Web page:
In regard to Dark Tourism -- it's human nature. The Haunted Hollywood Tour has been operating forever and I don't think that any of the $45 per head goes to a worthwhile cause. Don't want to spend $45? Buy the book.
posted by KevinKarl at 1:53 PM on January 5, 2006


i'm attending a convention in nola in march. we've been having it there every year and the organizer, who is from there, figures continuing to have it there will be, you know, good for things. as part of the last day of the convention, we will take a bus tour of katrina damage outside the convention district. the purpose of this is to raise awareness of the convention goers as to the slow rate/lack of progress. these convention goers will be coming from all over the u.s. and beyond. people need and want to see this, not so much as some cynical "dark tourism," but as a civic responsibility to be informed. too many people are speaking from ignorance. we need more direct witnesses.
posted by 3.2.3 at 2:16 PM on January 5, 2006


jacquilynne: sorry I didn't elaborate, I was referring to that "Damn! That's Creepy! Now excuse me while I get back to my tour of Auschwitz" comment, I thought it was obvious what I meant...

Now, whether these Katrina tours are a classic example of "dark tourism" or "disaster tourism" or not (maybe they are, maybe they aren't, or maybe they are but not as much as other examples, I don't know! it does sound like the advertising relies on sensationalism and morbid curiosity, but who knows, maybe it's just a not so creepy part of a regular tourist visit like caderoux says) - I just cannot conceive how anyone could consider visits to Auschwitz in that "disaster tourism" category anyway.

It's a memorial and a history lesson all in one. People go there to mourn their dead. Teachers take their students there. People go to see the remains of something they only read of in books. There is no thrill, or sensationalism about it. Maybe there are people who go for a morbid curiosity, you never know, but that's definitely not the purpose of the tours and they certainly don't have to rely on advertising the thrills of "seeing the devastation". It's just something that was left there standing as a memento because it has an historical and political significance that has nothing to do with "disaster tourism" in actual populated areas hit by disasters and being rebuilt, I thought that was obvious. (It's not even tourism really).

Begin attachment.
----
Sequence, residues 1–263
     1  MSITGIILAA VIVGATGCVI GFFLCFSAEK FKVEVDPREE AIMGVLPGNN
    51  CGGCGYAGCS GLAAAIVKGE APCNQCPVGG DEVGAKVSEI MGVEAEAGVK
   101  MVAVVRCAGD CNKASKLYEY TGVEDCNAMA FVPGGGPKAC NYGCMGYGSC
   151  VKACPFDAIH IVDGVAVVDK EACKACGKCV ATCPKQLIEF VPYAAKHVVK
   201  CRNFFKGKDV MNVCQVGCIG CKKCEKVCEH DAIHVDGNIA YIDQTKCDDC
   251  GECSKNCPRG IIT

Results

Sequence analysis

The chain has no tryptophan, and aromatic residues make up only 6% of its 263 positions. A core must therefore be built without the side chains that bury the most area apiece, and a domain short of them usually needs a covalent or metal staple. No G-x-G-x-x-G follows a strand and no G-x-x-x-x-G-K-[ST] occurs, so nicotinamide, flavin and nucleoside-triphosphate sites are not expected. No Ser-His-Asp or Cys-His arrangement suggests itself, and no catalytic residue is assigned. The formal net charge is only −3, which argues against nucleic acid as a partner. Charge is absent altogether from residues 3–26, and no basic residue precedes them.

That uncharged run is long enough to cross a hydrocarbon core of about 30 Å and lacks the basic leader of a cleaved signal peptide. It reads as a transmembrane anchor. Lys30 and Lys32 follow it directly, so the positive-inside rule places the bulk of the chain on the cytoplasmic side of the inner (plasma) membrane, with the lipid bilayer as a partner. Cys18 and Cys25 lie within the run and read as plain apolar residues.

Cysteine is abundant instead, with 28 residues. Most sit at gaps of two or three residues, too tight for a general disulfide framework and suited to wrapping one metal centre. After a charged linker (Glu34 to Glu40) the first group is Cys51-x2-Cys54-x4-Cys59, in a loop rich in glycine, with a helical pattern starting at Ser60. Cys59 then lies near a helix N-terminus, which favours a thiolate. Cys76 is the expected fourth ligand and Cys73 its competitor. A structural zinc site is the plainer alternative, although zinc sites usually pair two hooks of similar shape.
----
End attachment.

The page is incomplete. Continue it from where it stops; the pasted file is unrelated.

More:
posted by funambulist at 2:20 PM on January 5, 2006


From the "dark tourism" link in the post:

The difference between what is acceptable and unacceptable as a tourist attraction is often only a matter of chronological distance. Walking tours of Jack the Ripper's London are enduringly popular. The world he inhabited is distant enough from our own for his exploits to be deemed entertaining. A Yorkshire Ripper trail would be seen as highly inappropriate by most people.

Over half a million people visit Auschwitz Birkenau each year. The standard two-and-a-half-hour guided tour gives an audience at best an abridged understanding of this vast and sprawling site. What a tourist can comprehend in such a brief visit is questionable.

posted by ND¢ at 2:27 PM on January 5, 2006


It is obviously an abridged understanding (it's not like people wouldn't know a thing about the Holocaust before visiting Auschwitz anyway, you don't just happen to stop there by pure chance on the way to a weekend clubbing in Krakow...), but I think it's ludicrous to put it in the same category as Jack the Ripper tours.

The article does at least recognise that "the operators of these diverse sites have become the custodians of history, and this carries with it certain responsibilities" and that it's monuments for commemoration.
posted by funambulist at 2:59 PM on January 5, 2006


I'm curious as to the content of the tours. If it's anything like the other New Orleans tours, the spiel will probably include Marie Laveau and Satchmo flying around rescuing people from roofs. Oh yeah. And Napoleon was there too.
posted by brundlefly at 3:32 PM on January 5, 2006


I'm not clear on why the comparison is so silly. I think there are clear differences - time being the main one - but not as many differences, I'd say, as there are similarities. What reasons do you have for dismissing the comparison?

I guess you don't fully understand the 'Politically Correct'.
posted by HTuttle at 9:27 PM on January 5, 2006


(??)
posted by funambulist at 2:14 AM on January 6, 2006